Draft Companies Amendment Bill: briefing

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Trade and Industry

09 June 2004
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Meeting Summary

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Meeting report


9 June 2004

Dr R Davies

Documents handed out:

Presentation on Company Laws Amendment Bill
Draft Company Laws Amendment Bill
Khula Enterprises presentation

Company Laws Amendment Bill
The Department delegation comprised of Mr M Moletsi Chief Director of Policy and Planning, Mr J Strydom Senior Legal Advisor and Mr M Netshitenze. Mr Strydom provided background on the process of the Bill. He noted that since the inception of the Companies Act in 1973 it had been amended 34 times. The Bill had been referred to the State Law Advisers in February 2004. A written response from them was however only received in May. The State Law Advisers had raised many concerns over the Bill. Mr Strydom assured the Committee that all issues had subsequently been thrashed out. The Bill would be ready to be certified in two weeks' time.

Mr Moletsi presented the Committee with a very brief overview of the Bill. It aims to prevent companies having delinquent directors (sequestrated persons) to serve as directors and to have unfit and improper directors to serve in the management of such companies. Further, it aims to protect a bona fide holder of a dematerialized share certificate against a rectification order by a court of law. He said that the Bill had been aligned with the President's State of The Nation address. It addressed problems in the economy, encouraged investment and improved investor confidence (see briefing document).

Mr K Durr (ACDP) asked for assurances that international precedents on company law had been considered in the drafting of the Bill. He felt it to be important given the impact of globalization.

Mr Moletsi replied that much research had gone into comparisons with international company law. He said that twelve researchers had worked on it.

The Chair felt that Clause 2 of the Bill which aimed to amend Section 91A of the Companies Act made it more lenient for persons to deal illegally with uncertificated securities.

Mr Strydom explained that in the old Act if a transfer of uncertificated securities had taken place from one individual to another, the person to whom it was transferred takes ownership regardless of illegality or fraud in the transfer. This was provided the illegality or fraud was committed by company persons doing the transfer and not the persons giving up or receiving ownership. The underlying reason for the legislation at the time was not to question the legal certainty of electronic transfers. Electronic transfers are common practice and uncertainties in its reliability would be disastrous. No provision existed for the reversing of transfers in both the act and the Bill. Mr Strydom said that it might seem that the Bill was being more lenient but he said it was actually more stringent in that it makes specific provision for suing for damages in the event of fraud.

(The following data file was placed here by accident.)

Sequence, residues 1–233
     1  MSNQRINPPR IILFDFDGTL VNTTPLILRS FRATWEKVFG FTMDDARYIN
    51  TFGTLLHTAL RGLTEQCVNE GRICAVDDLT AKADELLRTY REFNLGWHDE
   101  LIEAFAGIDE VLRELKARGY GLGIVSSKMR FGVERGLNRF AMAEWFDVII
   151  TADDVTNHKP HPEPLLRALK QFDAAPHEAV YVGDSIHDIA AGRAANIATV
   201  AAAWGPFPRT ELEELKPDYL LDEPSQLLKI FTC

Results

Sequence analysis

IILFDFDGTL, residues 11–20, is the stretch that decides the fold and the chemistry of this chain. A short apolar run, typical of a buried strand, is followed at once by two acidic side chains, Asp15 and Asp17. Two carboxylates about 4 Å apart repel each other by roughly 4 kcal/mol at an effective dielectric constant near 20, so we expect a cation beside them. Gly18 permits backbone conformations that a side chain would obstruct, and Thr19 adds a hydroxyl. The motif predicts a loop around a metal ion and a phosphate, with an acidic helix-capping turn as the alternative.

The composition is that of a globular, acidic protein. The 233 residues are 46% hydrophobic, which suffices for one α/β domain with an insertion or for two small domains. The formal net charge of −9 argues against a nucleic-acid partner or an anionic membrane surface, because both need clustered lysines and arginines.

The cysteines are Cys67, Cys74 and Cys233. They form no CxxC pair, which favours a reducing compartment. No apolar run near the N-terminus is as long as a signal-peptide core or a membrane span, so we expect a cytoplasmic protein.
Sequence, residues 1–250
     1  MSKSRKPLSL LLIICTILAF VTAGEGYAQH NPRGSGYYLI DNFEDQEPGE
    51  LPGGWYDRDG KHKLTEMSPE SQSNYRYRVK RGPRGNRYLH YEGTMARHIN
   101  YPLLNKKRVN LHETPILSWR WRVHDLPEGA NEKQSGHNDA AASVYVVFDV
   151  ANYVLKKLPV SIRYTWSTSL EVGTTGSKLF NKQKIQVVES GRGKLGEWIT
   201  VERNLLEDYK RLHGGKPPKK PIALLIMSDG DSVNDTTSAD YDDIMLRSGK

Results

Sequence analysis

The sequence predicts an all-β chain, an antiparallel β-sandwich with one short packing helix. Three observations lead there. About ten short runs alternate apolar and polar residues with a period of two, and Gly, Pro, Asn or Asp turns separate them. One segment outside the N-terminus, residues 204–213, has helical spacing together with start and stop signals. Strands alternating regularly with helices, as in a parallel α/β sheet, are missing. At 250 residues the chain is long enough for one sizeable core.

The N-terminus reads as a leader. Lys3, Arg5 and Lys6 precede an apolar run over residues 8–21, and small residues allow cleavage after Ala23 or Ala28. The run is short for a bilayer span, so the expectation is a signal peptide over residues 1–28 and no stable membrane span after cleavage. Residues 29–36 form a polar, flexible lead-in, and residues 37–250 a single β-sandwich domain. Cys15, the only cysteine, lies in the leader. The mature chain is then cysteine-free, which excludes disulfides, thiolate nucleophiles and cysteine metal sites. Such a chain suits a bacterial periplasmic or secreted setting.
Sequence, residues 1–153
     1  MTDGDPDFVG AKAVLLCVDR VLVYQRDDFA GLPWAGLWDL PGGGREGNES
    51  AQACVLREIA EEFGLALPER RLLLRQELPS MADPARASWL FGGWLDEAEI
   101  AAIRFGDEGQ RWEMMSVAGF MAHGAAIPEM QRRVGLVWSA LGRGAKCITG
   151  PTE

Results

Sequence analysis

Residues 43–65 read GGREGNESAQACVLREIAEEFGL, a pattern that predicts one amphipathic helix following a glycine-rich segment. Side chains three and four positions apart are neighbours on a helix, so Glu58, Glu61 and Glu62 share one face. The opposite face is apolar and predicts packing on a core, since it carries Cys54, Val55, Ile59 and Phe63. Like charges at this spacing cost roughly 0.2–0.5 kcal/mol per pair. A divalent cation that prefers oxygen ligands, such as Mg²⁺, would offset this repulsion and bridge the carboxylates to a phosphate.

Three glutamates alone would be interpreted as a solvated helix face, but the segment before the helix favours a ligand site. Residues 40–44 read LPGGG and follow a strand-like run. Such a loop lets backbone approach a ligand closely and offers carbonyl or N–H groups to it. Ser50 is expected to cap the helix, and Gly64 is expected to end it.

Prof B Turok (ANC) noted that the Department should be encouraged to provide the Committee with information on fraud in the broader context of company law. This was especially important given the intention to overhaul SA's corporate law. Prof Turok was concerned about the reliability of electronic transfers and felt that no system was infallible.

The Chair asked why the rules applying to bank transfers could not be applied to the transfer of uncertificated securities. Why could the transfer simply not be reversed?

Mr Strydom replied that the common law applied to bank transfers. He noted that the aim of the provision was not to prejudice the new holder of the securities. The new owner takes ownership free of any defects. If he were party to the fraud, the law would take its course in court. The new owner could thus be sued for damages.

Mr Netshitenze added that the provision was not new in law in that it was common practice in bills of exchange. The aim was to protect the new buyer as he had taken transfer in good faith.
Mr Moletsi said that it made economic sense to protect the new owner. If it were not the case, electronic transfers would lose their credibility.

The Chair noted that the issues were indeed complex.

Ms F Hajjaj (ANC) asked if international best practices of developed countries had been considered in the drafting of the Bill

Mr Netshitenze noted that the provisions were present in SA's Bills of Exchange legislation. He noted that comparative studies with the USA and UK had been done.

Dr M Sefularo said that the definition of "fit and proper person" was vague.

Mr Strydom replied that the term was commonly used throughout SA law. He conceded that in context it was vague. The Department was looking at ways of revising it in order to make it more exact.

The meeting was adjourned.



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